Reality has stopped by to chat with Major League Baseball and its players’ union.

The two sides began to recalculate over the weekend after a spike in positive Coronavirus tests among a very small percentage of major-league players at spring training facilities. The league ordered the facilities to be shut down and scrubbed. The two squabbling sides wondered what they should do next.

Multiple reports indicated the two sides may have finally realized it’s time to play nicer. The season is no longer threatened strictly by the hard-headedness of these paired combatants. Instead, the virus has made a late comeback to make them reassess. And, if it’s not too late for a season, it is much too late for the league and union to have finally circled back to the topic of health. Where was this urgency and understanding a month ago? It was skipped during the grousing about money. “Should” was replaced with “100 percent” and “where and when.” The virus has no time for or interest in platitudes.


A flood of positive tests last week in key states like Florida, Texas and Arizona has moved the league closer to a deal. The players’ ability to file a future grievance has been reduced. The league can say it negotiated in “good faith” by pointing to the calendar. Medical experts say don’t play beyond the normal schedule, if into October at all. Hence, the league says regular-season play needs to stop Sept. 27.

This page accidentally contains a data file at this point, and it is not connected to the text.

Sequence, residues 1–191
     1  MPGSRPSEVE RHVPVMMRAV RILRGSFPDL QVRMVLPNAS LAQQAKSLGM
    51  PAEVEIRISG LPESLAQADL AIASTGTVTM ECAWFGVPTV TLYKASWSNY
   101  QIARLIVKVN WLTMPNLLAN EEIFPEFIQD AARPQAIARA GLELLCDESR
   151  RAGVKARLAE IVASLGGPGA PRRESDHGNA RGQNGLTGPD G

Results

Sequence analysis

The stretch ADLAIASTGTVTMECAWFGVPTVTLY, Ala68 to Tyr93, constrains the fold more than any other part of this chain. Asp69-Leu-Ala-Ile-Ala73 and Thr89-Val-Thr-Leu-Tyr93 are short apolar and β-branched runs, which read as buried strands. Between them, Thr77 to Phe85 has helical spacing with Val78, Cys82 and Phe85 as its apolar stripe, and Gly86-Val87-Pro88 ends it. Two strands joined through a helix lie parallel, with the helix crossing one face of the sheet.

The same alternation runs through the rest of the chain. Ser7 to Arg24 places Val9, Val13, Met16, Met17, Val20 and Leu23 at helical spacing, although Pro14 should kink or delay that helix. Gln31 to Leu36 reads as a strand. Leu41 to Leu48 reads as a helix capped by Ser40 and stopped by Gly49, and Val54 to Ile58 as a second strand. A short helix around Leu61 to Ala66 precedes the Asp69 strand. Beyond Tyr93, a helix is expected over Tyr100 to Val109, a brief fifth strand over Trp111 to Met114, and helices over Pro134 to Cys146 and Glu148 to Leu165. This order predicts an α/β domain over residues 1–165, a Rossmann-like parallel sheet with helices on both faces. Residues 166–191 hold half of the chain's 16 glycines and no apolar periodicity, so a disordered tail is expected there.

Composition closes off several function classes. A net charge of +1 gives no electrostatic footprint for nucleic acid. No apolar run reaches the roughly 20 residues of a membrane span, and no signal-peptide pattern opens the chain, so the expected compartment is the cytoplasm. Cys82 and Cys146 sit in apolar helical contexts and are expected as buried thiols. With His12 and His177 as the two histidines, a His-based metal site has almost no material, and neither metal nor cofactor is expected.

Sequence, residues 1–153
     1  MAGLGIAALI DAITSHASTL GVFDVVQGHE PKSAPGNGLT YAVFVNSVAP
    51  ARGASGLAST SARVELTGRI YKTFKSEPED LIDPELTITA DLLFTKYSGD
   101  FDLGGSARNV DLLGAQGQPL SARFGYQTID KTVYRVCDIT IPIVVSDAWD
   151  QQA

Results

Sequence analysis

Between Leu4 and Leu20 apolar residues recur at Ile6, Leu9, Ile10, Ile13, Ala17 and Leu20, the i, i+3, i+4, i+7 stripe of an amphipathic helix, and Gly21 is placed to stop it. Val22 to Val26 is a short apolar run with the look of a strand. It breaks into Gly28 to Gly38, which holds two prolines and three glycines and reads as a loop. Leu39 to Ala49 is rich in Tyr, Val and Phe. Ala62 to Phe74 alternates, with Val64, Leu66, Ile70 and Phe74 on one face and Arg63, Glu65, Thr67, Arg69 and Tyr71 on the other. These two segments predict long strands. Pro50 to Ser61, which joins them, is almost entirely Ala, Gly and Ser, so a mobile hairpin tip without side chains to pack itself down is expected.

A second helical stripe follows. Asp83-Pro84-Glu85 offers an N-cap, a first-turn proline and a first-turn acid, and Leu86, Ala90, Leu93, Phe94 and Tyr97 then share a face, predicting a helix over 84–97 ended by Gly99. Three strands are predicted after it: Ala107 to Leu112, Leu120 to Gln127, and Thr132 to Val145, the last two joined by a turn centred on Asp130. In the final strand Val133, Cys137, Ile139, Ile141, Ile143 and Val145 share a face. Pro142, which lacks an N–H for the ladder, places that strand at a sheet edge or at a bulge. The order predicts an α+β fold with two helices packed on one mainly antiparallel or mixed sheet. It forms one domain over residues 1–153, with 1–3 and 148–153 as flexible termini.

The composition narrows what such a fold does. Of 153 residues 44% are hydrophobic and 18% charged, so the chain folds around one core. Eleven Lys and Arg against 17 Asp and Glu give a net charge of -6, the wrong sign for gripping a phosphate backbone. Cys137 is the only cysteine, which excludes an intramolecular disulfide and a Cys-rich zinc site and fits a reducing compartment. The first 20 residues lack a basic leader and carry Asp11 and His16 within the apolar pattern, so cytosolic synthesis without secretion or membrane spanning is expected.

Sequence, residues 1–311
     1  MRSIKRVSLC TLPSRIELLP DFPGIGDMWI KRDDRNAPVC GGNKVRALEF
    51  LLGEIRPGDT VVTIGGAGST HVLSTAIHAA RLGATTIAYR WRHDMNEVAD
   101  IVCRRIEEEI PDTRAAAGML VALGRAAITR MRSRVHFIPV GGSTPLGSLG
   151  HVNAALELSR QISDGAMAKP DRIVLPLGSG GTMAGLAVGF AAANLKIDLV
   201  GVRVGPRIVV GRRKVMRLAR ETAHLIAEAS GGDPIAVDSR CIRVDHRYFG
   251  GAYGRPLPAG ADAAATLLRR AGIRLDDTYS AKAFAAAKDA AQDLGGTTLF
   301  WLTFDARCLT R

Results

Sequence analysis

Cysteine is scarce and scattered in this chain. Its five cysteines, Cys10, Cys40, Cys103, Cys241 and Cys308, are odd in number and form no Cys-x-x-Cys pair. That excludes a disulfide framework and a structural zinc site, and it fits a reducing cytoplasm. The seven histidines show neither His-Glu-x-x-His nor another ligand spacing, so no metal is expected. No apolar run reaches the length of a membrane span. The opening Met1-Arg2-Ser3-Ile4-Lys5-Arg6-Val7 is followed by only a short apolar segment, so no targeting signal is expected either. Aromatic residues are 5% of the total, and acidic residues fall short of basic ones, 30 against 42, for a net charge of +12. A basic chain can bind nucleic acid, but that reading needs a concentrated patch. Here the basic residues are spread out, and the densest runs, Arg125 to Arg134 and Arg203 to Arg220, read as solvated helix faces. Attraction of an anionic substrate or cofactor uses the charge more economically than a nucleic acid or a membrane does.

The calendar has already popped to the final week of June. So, the late start bookended by the medically-advised close put the league in position to say around 60 games is the best it can do.


For weeks, the bickering appeared to be MLB’s biggest obstacle. It’s now become clear -- again -- navigating the virus will be the league’s challenge.

A weekend vote by the players’ union was off, then on, then off. A new report from ESPN Deportes on Monday morning said it is back on. They are considering whether to accept the commissioner’s 60-game proposal at full prorated pay -- with a variety of other parameters in the mix. The number of games is significantly lower than players would like. However, the calendar is pushing both sides to finally consider grander concessions than in the past.

Ultimately, the commissioner may have to impose a season structure. The virus will determine if anyone participates in it.

Stay connected to the Nationals with the MyTeams app. Click here to download for comprehensive coverage of your teams.